Prevention of diabetic foot using low frequency magnetotherapy
1 This pilot study explored the potential for incorporation of magnetotherapy (MT) into care programmes for people with diabetic feet.
2 Twenty-six people with type 2 diabetes, foot ischaemia and an ABI <0.85 took part in the study.
3 Systemic blood pressure, Doppler frequency change and transcutaneous partial pressure of oxygen were measured before, during and after MT treatment.
4 After a 30-minute exposure of the diabetic foot to MT the microcirculation in the dorsum of the foot increased, as reflected by higher transcutaneous partial pressure of oxygen measurements.
* Diabetic neuropathy
* Ischaemic foot
* Pulsed electromagnetic fields
People with type 2 diabetes should be educated to address ischaemic foot problems before and as they arise, with interventions aimed at reducing the discomfort and the psychosocial impact and disability caused. This article discusses a pilot study that was undertaken to explore the possibility of incorporating magnetotherapy into prophylactic programmes for patients with diabetic feet. Magnetotherapy was found to improve local circulation and oxygenation in ischaemic feet of participants with type 2 diabetes.
Type 2 diabetes is associated with maturity-onset diminished insulin secretion by the pancreatic beta cells and/or cellular insulin resistance. Its high prevalence in many countries is causing increasing concern.
Nearly 17 million people in the US have type 2 diabetes (American Diabetes Association website, 2003). In 1997, Currie and Peters estimated that 5% of the UK population had diabetes, and 2.4 million people are now estimated to have diabetes (Diabetes UK website, 2003). The number of people with type 2 diabetes in the UK is set to double by 2010. Even mainland China's 3.63% age-adjusted prevalence of diabetes among adults (Pan et al, 1996) is predicted to rise sharply as the result of westernisation of lifestyles (Nash, 2001). Research has also shown that there is a high prevalence of type 2 diabetes in Chinese people living outside China. In Hong Kong, demand for healthcare resources by people with type 2 diabetes (estimated at 7.7% of the population) has increased, with nearly 33% of prescriptions issued from government-funded primary healthcare units and hospital medical clinics containing antidiabetic drugs (Chan and Cockram, 1997).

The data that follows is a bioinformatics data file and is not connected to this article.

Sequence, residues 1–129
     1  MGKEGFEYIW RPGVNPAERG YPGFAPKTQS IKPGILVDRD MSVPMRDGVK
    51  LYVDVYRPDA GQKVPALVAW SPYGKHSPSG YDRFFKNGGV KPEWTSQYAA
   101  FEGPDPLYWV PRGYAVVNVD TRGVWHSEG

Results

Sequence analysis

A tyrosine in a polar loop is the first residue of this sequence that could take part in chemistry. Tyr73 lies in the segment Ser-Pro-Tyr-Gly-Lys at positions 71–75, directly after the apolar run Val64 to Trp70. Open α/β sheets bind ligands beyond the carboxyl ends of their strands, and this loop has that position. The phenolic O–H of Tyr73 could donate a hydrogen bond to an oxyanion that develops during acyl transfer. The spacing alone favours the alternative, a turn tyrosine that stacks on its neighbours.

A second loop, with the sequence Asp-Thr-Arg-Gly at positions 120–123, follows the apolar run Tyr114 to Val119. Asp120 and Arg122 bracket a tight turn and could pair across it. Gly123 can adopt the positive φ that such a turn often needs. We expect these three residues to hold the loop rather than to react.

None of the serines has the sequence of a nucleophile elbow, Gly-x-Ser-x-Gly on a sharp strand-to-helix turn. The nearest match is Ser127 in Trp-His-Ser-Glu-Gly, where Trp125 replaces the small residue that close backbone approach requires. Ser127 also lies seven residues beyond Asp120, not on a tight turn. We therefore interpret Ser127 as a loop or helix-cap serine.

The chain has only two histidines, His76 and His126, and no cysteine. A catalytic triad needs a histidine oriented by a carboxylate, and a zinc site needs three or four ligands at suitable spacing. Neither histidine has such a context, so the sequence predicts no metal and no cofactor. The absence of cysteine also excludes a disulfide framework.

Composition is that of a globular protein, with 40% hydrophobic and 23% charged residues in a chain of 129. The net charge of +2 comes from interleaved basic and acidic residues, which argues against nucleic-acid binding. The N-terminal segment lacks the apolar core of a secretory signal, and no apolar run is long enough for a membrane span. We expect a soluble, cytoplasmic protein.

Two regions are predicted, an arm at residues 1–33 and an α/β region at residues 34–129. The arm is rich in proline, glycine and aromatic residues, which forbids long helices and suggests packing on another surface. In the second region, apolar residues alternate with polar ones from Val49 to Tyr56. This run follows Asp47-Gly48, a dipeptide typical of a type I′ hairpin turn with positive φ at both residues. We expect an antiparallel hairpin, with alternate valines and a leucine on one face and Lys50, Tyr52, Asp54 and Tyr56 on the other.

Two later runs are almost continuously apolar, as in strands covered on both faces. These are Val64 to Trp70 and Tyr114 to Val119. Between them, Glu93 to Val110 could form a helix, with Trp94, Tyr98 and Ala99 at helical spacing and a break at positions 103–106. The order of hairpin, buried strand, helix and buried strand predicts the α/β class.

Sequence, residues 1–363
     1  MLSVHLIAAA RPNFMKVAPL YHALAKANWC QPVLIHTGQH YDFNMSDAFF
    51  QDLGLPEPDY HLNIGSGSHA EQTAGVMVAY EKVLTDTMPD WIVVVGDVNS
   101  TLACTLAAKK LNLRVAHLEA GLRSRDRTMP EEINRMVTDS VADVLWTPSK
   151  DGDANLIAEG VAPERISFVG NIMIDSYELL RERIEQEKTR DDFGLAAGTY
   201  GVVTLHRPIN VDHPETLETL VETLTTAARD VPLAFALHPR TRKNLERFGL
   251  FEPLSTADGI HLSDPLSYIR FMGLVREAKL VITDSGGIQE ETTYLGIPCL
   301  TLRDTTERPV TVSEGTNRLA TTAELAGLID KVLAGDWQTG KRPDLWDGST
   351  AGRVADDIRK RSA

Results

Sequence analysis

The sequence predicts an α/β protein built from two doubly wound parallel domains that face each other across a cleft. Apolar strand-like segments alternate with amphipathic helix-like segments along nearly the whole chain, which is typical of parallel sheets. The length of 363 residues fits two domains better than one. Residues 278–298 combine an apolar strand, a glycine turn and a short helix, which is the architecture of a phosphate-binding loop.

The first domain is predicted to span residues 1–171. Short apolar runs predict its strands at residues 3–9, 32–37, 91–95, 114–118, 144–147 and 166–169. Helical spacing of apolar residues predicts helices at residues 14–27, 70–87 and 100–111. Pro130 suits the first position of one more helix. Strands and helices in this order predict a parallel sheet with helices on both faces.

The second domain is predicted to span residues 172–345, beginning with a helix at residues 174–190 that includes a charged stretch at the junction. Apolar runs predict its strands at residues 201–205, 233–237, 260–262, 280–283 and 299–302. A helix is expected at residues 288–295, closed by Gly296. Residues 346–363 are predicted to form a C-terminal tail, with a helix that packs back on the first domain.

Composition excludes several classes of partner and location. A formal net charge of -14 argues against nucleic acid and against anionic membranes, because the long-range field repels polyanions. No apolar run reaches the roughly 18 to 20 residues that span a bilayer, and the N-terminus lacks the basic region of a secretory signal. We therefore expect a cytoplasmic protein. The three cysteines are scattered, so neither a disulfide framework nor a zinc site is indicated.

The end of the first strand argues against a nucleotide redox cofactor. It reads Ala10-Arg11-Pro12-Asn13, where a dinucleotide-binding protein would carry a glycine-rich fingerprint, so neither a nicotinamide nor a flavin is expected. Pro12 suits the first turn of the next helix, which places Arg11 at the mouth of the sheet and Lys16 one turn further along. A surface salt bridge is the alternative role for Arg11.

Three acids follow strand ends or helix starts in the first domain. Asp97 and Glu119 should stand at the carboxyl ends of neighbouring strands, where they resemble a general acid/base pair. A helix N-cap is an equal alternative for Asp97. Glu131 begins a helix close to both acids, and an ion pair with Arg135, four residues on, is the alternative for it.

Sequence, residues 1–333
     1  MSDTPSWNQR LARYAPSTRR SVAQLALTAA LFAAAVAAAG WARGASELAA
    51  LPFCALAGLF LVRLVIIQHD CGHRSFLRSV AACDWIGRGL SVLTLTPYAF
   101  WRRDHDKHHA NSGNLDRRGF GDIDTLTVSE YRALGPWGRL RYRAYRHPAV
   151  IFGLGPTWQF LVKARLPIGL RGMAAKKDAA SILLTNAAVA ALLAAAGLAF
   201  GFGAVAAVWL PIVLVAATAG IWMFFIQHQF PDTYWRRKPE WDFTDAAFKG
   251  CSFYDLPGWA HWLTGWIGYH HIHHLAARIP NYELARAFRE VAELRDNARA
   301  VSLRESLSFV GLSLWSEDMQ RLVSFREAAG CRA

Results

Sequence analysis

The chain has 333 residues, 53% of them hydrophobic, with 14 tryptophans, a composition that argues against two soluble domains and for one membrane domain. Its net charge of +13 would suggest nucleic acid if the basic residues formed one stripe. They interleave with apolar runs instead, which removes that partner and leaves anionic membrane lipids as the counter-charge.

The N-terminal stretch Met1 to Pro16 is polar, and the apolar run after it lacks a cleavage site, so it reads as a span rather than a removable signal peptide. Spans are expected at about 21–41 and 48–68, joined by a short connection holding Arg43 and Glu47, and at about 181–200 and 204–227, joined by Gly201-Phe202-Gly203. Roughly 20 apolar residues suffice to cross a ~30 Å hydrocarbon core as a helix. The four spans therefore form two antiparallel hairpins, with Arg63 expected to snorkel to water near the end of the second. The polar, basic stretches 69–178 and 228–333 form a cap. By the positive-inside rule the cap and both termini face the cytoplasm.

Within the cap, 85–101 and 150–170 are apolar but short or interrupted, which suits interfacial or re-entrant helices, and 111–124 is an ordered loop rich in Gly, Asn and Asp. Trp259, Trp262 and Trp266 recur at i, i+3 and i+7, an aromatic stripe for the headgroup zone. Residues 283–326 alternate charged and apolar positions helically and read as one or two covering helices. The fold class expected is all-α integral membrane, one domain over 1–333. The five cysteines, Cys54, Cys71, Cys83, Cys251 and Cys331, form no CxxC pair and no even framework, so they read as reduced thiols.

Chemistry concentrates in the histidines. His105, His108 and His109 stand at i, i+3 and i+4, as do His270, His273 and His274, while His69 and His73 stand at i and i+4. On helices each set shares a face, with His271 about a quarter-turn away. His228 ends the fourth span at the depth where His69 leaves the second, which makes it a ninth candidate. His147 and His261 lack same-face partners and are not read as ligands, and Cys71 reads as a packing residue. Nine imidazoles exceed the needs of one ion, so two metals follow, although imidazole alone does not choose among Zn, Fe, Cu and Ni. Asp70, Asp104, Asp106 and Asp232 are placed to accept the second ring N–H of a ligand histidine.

Cox and Gonder-Frederick (1992) have highlighted the significance of applying interventions that may minimise the psychosocial issues associated with the complications of diabetes. With this in mind, we decided to carry out a pilot study focusing on the use of magnetotherapy (MT) to treat people with type 2 diabetes who are at risk of wound complications from minor trauma to their feet.
People in this group often have distal polyneuropathy, psychomotor slowing, impaired tactile, thermal and pain sensation, autonomic nerve dysfunction, increased arteriovenous shunting, decreased local arterial blood flow, microangiopathy, decreased sweating and tissue hypoxia in their feet (Flynn and Tooke, 1995). These problems, along with peripheral vascular disease (PVD) and cutaneous ischaemia, are associated with the risk of developing slow-healing or even non-healing wounds (Nelzen et al, 1997).
McKenna (1991) found PVD present in 67% of the ulcerated legs in the study. Research has shown that...
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